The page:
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The Weird and the Wonderful Sri Lanka of 1969

Stumbling upon a diary printed and distributed by Richard & Co., which gave the address of P.O BOX 851, Colombo followed by a phone number of 25981, we at Roar were blown away by the information it contained. More than the party that wrote in the diary itself, the first few pages of facts and figures really intrigued us, especially when it came to currency exchange, postal fees and the good old annual holidays.


Here are some of the snippets that made us want to go back in time:

The Phone Number

With a number like 25981, how easy would it be to remember your entire contact book? No more looking at your phone and counting numbers to check if you have ten whole digits or how many ‘7’s you’ve typed at the beginning. You could also call the Police on 3333, Fire on 22222 or the Ambulance on 23157.

Postal Information

We’d all go back to the ’60s if sending a letter only cost 10 cents. And a postcard for 5 cents? Yes, please!


Send your loved ones abroad goodies every week since a 22lb parcel to the United Kingdom cost only Rs. 16.50, which is actually cheaper than spending Rs. 27.25 to post a package to America.

Exchange rates

Imagine all you could buy if the US$ is worth Rs. 5.9475 and the GBP is Rs. 14.3417. How in the world did we reach almost 16 times that value?



It seems Sri Lanka was living by a whole different calendar than the rest of the world when it came to public holidays. The usual two-day weekend was not a privilege that Sri Lankans recognised. According to a banker at the time, it was a huge issue when it came to dealing with other countries, as Sri Lanka would have a full-on work day on Saturday, while Americans would be throwing a BBQ. We did, however, make up for those Saturdays spent working, with a long list of other public holidays:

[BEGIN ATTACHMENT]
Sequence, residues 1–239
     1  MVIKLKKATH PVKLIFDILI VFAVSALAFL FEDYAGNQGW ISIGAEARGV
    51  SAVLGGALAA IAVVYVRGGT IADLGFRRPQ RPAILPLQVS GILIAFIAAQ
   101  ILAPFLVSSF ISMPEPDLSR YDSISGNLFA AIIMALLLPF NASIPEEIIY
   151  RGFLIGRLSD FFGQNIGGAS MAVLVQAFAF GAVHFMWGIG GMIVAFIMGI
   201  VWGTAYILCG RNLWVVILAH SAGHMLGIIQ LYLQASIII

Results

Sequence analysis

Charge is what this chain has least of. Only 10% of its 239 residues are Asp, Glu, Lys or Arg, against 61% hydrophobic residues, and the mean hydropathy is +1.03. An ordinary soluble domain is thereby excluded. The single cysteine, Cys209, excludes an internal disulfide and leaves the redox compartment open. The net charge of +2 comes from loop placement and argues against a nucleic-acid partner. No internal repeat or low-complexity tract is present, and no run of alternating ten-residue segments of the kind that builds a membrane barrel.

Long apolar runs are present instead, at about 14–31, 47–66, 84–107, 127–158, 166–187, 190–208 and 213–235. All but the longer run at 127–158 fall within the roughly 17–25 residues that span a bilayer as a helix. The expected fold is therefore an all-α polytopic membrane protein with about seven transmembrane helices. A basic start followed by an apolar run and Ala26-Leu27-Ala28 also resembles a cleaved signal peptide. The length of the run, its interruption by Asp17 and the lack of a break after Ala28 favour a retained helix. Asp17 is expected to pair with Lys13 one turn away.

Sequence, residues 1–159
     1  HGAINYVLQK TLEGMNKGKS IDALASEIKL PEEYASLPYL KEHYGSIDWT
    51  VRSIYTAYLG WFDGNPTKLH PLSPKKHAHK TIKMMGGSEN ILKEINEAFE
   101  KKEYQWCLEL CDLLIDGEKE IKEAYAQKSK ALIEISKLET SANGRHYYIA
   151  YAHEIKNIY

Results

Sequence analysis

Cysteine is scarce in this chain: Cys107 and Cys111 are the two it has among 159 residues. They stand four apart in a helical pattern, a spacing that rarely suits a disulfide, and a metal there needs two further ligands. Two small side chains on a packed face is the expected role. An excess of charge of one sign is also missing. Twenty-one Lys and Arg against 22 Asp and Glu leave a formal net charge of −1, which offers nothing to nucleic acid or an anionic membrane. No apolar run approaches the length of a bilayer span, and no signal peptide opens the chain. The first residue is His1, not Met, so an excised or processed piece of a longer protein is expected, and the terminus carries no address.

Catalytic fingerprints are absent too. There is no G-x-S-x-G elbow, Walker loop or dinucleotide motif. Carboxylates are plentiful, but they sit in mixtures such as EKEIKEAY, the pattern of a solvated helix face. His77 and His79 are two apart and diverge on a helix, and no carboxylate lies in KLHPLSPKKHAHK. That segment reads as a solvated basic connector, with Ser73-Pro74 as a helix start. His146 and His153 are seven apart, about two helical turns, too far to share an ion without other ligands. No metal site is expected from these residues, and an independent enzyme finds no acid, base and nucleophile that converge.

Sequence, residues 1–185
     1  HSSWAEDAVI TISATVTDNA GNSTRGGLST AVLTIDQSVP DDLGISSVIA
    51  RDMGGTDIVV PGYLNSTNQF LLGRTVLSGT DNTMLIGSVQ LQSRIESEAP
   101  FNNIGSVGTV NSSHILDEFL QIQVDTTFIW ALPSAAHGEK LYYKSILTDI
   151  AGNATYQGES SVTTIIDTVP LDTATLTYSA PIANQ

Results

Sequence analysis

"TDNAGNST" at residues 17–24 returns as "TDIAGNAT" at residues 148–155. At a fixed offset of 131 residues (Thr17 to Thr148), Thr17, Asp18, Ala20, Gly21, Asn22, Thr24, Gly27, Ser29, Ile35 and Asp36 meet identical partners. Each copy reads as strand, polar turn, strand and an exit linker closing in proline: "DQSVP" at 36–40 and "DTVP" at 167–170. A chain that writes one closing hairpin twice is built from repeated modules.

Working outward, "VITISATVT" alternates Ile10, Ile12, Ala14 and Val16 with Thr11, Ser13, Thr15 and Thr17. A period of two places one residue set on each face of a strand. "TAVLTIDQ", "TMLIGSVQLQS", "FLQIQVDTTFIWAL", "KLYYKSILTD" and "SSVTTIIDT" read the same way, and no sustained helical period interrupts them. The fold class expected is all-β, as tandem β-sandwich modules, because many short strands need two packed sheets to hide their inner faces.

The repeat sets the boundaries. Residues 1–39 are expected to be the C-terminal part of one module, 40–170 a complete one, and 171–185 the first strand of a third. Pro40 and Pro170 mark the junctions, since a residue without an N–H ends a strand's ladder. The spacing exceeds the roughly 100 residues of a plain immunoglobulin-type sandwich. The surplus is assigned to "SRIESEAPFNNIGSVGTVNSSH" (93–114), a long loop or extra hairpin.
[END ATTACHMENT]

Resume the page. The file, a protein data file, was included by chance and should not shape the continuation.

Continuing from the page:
There were 16 public holidays in Ceylonese times, varying from National Heroes’ Day (1st Jan) and Independence Day (4th Feb) to Easter Sunday and Christmas. These are the norms we still see in the calendar.

However, there is an entire section dedicated to ‘Poya Holidays for 1969’. Each month the folks of Sri Lanka would have roughly 4 – 5 Poya holidays. We couldn’t comprehend how they decided which days to have a ‘Poya’, but for example, in the month of December, the 1st, 8th, 16th, 23rd and 30th were declared Poya holidays.

Have a look here:



The diary also contains useful and equally startling information on:

– The cost of a telegram, which varied between 20 cents to send Rs. 25.

– Measuring units – that hasn’t changed over time, luckily.

– Stamp duties – Rs. 5 to register a business? Come on!


The Income tax table shows that if you earned less than Rs. 4,500, you were free from tax payments.


The diary also has some pro tips on how to protect your ‘crop’ against ‘injurious organism and weeds’ and the recommended pesticides.


We’ve also included some adverts that appeared in the middle pages, because well, we can, and we should.



Feature Image Credit: Bruce Thomas

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